House Republican Leader Kevin McCarthy is facing a renewed challenge in how to approach controversial freshman Congresswoman Marjorie Taylor Greene, who is under fire for newly unearthed comments from 2018 and 2019 in which she indicated support for executing prominent Democrats.
McCarthy’s spokesman, Mark Bednar, responded to reports of the comments with a statement saying, "These comments are deeply disturbing and Leader McCarthy plans to have a conversation with the Congresswoman about them."
Among the comments in question is a Facebook exchange, first reported by CNN, from April 2018, in which Greene discussed the 2015 Iran nuclear deal and a commenter asked Greene, "Now do we get to hang them ?? Meaning H & O ???" - a reference to former President Barack Obama and Secretary of State Hillary Clinton.
Greene, who now represents Georgia's14th congressional district, replied, "Stage is being set. Players are being put in place. We must be patient. This must be done perfectly or liberal judges would let them off."
McCarthy had previously stripped former Republican Congressman Steve King of his committee assignments in 2019 when King sparked fury for comments in which he questioned why “white nationalism” and “white supremacy” had suddenly “become offensive.”
Greene, whose affiliation with the QAnon conspiracy theory has made her a lightning rod for controversy, has also pushed conspiracy theories claiming that 9/11 and the Parkland, Florida school shooting were “false flag” attacks. She has also pushed “a conspiracy theory that Jewish people are trying to take over Europe through immigration,” according to Media Matters.
Newhouse under fire
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Most of the Republican county leaders in U.S. Rep. Dan Newhouse’s congressional district on Monday called for the lawmaker to resign for being one of 10 GOP members of the House to vote for the impeachment of former President Donald Trump. Newhouse said he will not resign.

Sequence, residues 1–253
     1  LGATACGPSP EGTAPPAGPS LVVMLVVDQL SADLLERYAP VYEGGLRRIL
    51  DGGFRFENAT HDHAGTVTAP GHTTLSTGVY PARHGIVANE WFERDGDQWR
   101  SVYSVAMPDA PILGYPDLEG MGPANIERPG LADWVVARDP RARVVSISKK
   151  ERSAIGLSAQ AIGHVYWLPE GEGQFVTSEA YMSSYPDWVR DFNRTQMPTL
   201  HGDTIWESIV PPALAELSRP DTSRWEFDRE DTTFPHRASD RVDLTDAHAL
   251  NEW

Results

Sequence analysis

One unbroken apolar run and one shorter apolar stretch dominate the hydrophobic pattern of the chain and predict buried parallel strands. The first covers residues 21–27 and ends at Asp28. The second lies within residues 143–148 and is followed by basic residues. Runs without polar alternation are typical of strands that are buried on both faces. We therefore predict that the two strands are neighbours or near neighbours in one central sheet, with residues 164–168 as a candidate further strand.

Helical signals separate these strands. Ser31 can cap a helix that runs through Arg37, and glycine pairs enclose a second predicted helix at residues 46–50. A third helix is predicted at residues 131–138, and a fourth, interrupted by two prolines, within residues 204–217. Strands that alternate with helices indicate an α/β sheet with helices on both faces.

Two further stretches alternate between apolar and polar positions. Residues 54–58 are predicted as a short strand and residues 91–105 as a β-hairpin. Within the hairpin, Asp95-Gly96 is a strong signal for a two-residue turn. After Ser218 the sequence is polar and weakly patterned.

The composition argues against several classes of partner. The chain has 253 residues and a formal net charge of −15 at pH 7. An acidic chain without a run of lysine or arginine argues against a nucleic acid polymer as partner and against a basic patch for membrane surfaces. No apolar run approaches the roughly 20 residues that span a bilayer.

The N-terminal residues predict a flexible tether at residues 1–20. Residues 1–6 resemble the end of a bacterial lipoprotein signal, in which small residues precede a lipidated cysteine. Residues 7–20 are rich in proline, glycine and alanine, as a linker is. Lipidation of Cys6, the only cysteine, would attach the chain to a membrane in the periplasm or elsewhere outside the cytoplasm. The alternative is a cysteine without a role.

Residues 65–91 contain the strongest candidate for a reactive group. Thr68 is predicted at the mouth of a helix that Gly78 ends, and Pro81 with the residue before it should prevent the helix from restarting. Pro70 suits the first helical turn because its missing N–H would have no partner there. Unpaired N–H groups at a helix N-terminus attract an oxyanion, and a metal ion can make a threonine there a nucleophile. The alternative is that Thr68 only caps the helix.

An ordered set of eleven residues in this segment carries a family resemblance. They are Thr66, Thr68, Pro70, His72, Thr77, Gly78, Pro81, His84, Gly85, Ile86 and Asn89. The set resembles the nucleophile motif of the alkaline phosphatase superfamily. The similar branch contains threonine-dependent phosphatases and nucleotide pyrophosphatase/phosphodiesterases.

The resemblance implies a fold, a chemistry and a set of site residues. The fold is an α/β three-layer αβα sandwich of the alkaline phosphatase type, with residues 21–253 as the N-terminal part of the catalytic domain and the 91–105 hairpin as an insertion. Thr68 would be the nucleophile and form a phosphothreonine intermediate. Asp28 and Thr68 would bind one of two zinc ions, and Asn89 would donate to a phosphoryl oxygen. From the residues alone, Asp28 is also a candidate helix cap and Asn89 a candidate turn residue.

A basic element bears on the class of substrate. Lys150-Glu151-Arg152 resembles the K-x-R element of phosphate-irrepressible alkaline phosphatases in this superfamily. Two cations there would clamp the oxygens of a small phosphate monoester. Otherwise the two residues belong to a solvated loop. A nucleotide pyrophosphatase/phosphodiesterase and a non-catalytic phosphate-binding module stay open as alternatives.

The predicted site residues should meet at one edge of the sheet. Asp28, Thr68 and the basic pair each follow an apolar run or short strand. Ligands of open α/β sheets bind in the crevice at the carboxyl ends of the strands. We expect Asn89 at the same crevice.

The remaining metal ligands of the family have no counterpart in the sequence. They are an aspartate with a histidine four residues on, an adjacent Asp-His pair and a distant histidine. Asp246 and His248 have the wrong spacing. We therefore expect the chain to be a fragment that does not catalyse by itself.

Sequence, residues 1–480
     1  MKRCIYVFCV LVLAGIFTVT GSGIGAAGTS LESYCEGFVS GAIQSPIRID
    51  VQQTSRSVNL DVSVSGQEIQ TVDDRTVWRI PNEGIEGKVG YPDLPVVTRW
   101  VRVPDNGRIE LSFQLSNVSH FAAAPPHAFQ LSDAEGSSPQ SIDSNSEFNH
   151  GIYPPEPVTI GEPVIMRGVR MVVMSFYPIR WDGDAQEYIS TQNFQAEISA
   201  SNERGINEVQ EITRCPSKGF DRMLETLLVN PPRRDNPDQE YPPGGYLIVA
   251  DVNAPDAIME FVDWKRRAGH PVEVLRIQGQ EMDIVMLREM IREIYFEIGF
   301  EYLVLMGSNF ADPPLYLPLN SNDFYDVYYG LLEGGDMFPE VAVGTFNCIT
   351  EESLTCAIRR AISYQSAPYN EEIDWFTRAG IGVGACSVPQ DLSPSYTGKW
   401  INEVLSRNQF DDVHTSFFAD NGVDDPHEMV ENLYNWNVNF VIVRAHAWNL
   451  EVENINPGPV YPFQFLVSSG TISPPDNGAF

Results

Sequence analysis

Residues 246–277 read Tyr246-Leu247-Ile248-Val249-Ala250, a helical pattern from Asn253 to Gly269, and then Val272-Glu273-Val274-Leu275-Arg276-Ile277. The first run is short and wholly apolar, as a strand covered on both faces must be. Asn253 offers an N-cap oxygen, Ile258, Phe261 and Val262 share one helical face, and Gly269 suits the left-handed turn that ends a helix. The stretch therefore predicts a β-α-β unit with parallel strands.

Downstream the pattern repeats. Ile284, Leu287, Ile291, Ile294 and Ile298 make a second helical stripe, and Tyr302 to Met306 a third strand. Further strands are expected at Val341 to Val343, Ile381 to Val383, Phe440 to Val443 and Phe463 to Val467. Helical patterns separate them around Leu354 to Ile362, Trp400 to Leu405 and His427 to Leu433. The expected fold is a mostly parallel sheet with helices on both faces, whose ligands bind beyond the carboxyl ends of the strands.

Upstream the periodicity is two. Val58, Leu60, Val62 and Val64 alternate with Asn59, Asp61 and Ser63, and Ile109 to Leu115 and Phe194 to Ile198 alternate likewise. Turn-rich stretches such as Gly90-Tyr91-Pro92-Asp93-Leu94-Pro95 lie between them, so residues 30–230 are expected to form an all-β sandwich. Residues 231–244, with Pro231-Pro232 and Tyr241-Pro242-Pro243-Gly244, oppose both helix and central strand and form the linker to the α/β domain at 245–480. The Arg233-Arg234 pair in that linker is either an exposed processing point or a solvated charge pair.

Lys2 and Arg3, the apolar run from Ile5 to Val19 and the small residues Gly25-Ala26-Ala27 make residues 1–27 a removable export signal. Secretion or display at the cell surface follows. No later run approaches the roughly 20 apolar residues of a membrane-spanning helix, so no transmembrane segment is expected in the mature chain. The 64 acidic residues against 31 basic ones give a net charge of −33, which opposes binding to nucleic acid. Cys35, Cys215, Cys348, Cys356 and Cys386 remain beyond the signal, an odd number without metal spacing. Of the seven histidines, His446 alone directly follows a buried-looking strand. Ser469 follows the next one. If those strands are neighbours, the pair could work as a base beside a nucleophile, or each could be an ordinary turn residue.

Six county GOP chairs from the 4th Congressional District, which covers the central portion of Washington state, issued a letter Monday calling for Newhouse to resign.
“It is impossible to defend the indefensible,″ said the letter signed by the GOP chairs of Yakima, Benton, Franklin, Grant, Adams and Douglas counties. ”An overwhelming majority of our county constituents are calling for your resignation.″
“When a representative fails to represent the people, the people must respond,″ the letter said, adding many constituents feel “betrayed” by Newhouse’s Jan. 13 vote.
Newhouse said Monday he will remain in the seat he has held since 2015.
“After days of deliberation and prayer, I made a decision to vote based on my oath to support and defend the Constitution,” Newhouse said in a press release. “Many Republicans have agreed with my vote, and many have disagreed. For those who disagree with me on this issue, I hope they will remember my lifelong support for conservative causes and values.”
“I am still a conservative Republican who holds the principles of our Constitution and the priorities of central Washington above all else, and we have a lot of work to do to keep the Biden administration accountable,” Newhouse said.
In justifying his vote, Newhouse has pointed to Trump’s role in inciting the deadly Jan. 6 attack on the U.S. Capitol and his refusal to calm the situation as a mob swarmed the building.
Newhouse, 65, was reelected with 66% of the vote in November. The conservative district has a large agricultural base and runs from Canada to the Oregon state line.